Engaging in exercise makes our bodies healthier and helps lower the risk of dying early from any causes.
In new research, published in the Journal of Pharmacology and Experimental Therapeutics, researchers demonstrated how a substance called SLU-PP-332 acts like a switch that turns on certain beneficial processes in the body, much like what happens when we exercise.
SLU-PP-332 is an estrogen receptor-related (ERR) agonist.
An ERR is a type of receptor that closely resembles receptors that bind estrogen, but has no known ligand (binding partner) in the body. Think of it as a special kind of lock.
An agonist is something that activates or turns on a receptor when it binds to it. So, an agonist is like a key that fits into a lock and turns it on.
The researchers decided to test this substance on mice that were either obese due to their diet or had a genetic condition called ob/ob, which makes them very overweight.
The scientists gave SLU-PP-332 to these mice and studied its effects on their metabolism, which is how the body uses food for energy and other processes.
The mice had higher energy levels, burned more fat, and didn’t accumulate as much fat in their bodies after using SLU-PP-332.
The substance also helped reduce the mice’s obesity and made them more sensitive to insulin, a hormone that helps control blood sugar levels.
This is especially important for people with metabolic syndrome, a group of conditions that occur together, increasing the risk of cardiovascular disease and associated conditions such as stroke and type 2 diabetes.
In summary, activating certain processes in the body with medication, like the way SLU-PP-332 does, might be a promising way to treat obesity and metabolic syndrome.
Senior author Thomas P. Burris, Ph.D., from the University of Florida Genetics Institute, Department of Pharmacodynamics College of Pharmacy, explained the key findings to Medical News Today:
“ERR agonists represent a potential new class of drugs that could be used to treat metabolic diseases such as type 2 diabetes and obesity, as well as muscle weakness in the elderly.”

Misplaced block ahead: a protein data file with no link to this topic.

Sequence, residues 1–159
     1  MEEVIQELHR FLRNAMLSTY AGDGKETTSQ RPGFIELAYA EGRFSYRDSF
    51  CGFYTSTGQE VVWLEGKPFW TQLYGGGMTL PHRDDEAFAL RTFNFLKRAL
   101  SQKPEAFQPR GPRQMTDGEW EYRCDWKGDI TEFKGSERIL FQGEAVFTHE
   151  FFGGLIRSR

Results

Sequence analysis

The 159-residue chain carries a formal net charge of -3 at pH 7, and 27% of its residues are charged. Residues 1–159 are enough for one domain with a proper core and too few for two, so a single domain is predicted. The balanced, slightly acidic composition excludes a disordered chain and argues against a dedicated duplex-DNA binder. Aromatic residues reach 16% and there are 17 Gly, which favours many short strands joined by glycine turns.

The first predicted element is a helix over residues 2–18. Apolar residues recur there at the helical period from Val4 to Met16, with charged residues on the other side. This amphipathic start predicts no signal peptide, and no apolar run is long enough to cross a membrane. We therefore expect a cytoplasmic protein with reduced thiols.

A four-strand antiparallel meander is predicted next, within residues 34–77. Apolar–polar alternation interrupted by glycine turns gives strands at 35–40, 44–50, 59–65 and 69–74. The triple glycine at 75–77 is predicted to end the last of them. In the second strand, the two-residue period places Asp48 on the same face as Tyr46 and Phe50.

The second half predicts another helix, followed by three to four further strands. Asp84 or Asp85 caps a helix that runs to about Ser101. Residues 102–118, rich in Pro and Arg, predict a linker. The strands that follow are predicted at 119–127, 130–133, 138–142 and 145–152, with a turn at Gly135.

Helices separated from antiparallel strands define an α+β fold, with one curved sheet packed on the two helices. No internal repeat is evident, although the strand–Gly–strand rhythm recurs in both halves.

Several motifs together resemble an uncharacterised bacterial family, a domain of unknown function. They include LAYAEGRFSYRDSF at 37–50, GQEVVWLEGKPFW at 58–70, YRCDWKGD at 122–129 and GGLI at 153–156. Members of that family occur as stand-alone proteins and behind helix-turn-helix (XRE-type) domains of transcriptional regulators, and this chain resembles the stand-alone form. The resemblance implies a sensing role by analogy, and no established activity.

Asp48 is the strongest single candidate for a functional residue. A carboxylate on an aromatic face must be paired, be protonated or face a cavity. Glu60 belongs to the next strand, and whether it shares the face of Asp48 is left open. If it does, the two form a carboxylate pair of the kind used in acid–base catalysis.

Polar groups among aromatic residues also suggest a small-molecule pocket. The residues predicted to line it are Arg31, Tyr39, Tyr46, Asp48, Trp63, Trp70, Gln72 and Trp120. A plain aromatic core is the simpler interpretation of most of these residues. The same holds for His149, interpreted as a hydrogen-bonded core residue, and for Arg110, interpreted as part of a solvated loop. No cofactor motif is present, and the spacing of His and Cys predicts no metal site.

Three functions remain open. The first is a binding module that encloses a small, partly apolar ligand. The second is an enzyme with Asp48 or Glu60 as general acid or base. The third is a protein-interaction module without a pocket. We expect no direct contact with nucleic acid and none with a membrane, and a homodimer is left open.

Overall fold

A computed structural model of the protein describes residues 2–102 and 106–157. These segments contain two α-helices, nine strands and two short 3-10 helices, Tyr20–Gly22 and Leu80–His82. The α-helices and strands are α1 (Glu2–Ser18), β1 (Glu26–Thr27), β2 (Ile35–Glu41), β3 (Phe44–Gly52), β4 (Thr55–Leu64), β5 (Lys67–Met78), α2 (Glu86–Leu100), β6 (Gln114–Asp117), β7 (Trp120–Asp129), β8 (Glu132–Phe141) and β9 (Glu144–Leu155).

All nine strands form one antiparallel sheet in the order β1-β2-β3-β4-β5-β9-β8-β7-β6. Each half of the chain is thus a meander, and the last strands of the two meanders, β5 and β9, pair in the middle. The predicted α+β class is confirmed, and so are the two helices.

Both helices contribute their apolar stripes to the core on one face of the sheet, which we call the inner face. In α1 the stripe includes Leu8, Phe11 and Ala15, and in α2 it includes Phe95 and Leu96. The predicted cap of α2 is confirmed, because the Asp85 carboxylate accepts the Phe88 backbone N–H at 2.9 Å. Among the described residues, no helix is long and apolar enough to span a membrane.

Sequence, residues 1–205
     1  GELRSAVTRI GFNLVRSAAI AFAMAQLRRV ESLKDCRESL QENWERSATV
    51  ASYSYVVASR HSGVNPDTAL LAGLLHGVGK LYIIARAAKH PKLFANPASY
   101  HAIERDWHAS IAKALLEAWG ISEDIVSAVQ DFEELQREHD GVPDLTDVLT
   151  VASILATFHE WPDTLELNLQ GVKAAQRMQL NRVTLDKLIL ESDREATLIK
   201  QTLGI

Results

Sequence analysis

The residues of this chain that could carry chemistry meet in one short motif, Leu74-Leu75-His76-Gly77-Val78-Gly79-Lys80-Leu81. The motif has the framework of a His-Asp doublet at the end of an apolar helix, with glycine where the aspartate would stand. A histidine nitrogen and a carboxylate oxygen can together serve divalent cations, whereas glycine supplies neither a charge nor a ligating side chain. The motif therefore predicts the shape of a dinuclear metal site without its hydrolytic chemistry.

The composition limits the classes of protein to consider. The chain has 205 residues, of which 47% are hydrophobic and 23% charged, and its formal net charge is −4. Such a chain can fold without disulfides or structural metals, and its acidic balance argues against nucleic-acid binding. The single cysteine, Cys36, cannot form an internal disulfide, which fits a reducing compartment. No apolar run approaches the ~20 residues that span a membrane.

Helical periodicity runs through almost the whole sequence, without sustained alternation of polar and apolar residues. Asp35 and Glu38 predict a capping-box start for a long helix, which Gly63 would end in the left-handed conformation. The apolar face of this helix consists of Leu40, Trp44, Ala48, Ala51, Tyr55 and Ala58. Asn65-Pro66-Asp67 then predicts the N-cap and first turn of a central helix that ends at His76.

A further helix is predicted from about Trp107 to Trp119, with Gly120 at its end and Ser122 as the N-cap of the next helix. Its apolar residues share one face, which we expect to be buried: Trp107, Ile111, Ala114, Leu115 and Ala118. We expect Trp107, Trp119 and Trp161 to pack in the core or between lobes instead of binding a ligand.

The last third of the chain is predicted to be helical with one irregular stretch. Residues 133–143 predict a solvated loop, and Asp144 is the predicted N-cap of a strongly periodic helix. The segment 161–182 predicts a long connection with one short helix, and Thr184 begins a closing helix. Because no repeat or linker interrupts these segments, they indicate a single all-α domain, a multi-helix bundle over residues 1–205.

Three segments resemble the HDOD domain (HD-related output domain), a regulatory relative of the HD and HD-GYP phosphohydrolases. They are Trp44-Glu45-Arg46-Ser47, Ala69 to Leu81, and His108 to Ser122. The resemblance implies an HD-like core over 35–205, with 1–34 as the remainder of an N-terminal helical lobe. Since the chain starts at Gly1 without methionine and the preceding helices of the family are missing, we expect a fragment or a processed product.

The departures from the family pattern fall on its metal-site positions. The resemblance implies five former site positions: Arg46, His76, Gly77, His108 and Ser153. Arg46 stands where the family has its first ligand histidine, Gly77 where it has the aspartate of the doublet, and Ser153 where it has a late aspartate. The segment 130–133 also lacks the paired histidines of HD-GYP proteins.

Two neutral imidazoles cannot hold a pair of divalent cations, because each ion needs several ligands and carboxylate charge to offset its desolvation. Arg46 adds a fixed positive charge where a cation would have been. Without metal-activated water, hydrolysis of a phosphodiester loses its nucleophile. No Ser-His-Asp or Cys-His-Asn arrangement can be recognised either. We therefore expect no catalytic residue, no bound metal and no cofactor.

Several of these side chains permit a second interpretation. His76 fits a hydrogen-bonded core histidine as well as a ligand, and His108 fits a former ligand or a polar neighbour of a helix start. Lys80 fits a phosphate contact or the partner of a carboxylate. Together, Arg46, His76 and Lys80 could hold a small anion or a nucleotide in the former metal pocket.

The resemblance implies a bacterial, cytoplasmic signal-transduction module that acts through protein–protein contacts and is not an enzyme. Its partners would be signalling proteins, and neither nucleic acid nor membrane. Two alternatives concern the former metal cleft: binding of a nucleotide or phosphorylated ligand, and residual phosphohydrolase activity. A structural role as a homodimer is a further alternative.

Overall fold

“We have also observed that these drugs are effective in treating heart failure in mouse models,” Dr. Burris continued.
“ERRs are similar to estrogen receptors in structure, but they are not estrogen receptors and have a very different function in that they regulate cellular energetics in tissues with high requirements for energy production (skeletal muscle, heart, brain),” he explained.
“ERRs are naturally involved in exercise and heart function, and this new class of drugs enhances the natural pathways that are stimulated during exercise (or normal heart function). The major finding was the identification of such compounds that can activate these ERRs since they are always ‘on,’ and it wasn’t clear if we could design a drug that would activate them further than their natural ‘on’ position that could lead to therapeutic benefit.” — Dr. Thomas P. Burris
Dr. Cameron Heinz, an attendant care provider, who was not involved in this study, noted that “the research exploring the use of a synthetic ERR agonist to alleviate metabolic syndrome is highly promising.”
“Metabolic syndrome is a complex condition associated with multiple risk factors, including obesity, diabetes, and cardiovascular issues. If this synthetic agonist proves effective in alleviating metabolic syndrome, it could offer a new avenue for treating this widespread health problem,” Dr. Heinz explained.
Dr. Heinz pointed out that “if this research progresses to clinical trials and eventually leads to the development of a pharmaceutical treatment, it could have significant clinical implications.”
“Patients with metabolic syndrome often face a higher risk of heart disease, stroke, and type 2 diabetes. Finding an effective treatment could improve the quality of life and long-term health outcomes for these individuals,” he said.
“Metabolic syndrome is a global health concern, and its prevalence has been on the rise due to factors like sedentary lifestyles and poor dietary habits. If a synthetic ERR agonist becomes a viable treatment option, it could have a positive impact on public health by reducing the burden of metabolic syndrome-related diseases.” — Dr. Cameron Heinz
However, Dr. Heinz pointed out that “while the findings are promising, it’s essential to emphasize that further research and clinical trials are necessary to validate the effectiveness and safety of this synthetic agonist.”
“Additionally, potential side effects and long-term outcomes need to be thoroughly studied,” he added.
Dr. Burris concluded that “these drugs have the potential to treat diseases such as type 2 diabetes, obesity, NASH, heart failure, kidney disease, and even cognitive dysfunction.”
“Improved versions of SLU-PP-332 are in development and are being optimized so that they can enter clinical trials in the near future,” he said.
Dr. Heinz agreed, saying, “The research on synthetic ERR agonists for alleviating metabolic syndrome is a compelling development in the field of medical science.”
“If [SLU-PP-332 is successful in humans], it has the potential to transform the treatment landscape for metabolic syndrome and improve the health and well-being of many patients.” — Dr. Cameron Heinz
This article originally appeared here and was republished with permission.